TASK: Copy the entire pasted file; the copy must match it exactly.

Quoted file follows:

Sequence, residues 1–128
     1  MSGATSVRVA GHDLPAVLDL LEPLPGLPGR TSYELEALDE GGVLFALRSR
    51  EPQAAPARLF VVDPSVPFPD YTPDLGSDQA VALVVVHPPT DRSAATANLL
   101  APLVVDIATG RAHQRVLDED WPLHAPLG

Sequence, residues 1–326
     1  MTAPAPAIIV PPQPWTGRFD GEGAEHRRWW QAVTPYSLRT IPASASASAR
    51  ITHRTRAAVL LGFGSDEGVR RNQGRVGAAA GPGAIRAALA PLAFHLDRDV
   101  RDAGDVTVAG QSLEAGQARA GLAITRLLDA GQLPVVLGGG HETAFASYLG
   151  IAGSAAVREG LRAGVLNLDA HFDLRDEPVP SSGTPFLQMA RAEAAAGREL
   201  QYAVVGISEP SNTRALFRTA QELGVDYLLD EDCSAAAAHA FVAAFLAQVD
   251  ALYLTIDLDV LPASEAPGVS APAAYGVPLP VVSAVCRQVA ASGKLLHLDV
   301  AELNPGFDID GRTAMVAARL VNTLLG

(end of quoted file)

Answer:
Sequence, residues 1–128
     1  MSGATSVRVA GHDLPAVLDL LEPLPGLPGR TSYELEALDE GGVLFALRSR
    51  EPQAAPARLF VVDPSVPFPD YTPDLGSDQA VALVVVHPPT DRSAATANLL
   101  APLVVDIATG RAHQRVLDED WPLHAPLG

Sequence, residues 1–326
     1  MTAPAPAIIV PPQPWTGRFD GEGAEHRRWW QAVTPYSLRT IPASASASAR
    51  ITHRTRAAVL LGFGSDEGVR RNQGRVGAAA GPGAIRAALA PLAFHLDRDV
   101  RDAGDVTVAG QSLEAGQARA GLAITRLLDA GQLPVVLGGG HETAFASYLG
   151  IAGSAAVREG LRAGVLNLDA HFDLRDEPVP SSGTPFLQMA RAEAAAGREL
   201  QYAVVGISEP SNTRALFRTA QELGVDYLLD EDCSAAAAHA FVAAFLAQVD
   251  ALYLTIDLDV LPASEAPGVS APAAYGVPLP VVSAVCRQVA ASGKLLHLDV
   301  AELNPGFDID GRTAMVAARL VNTLLG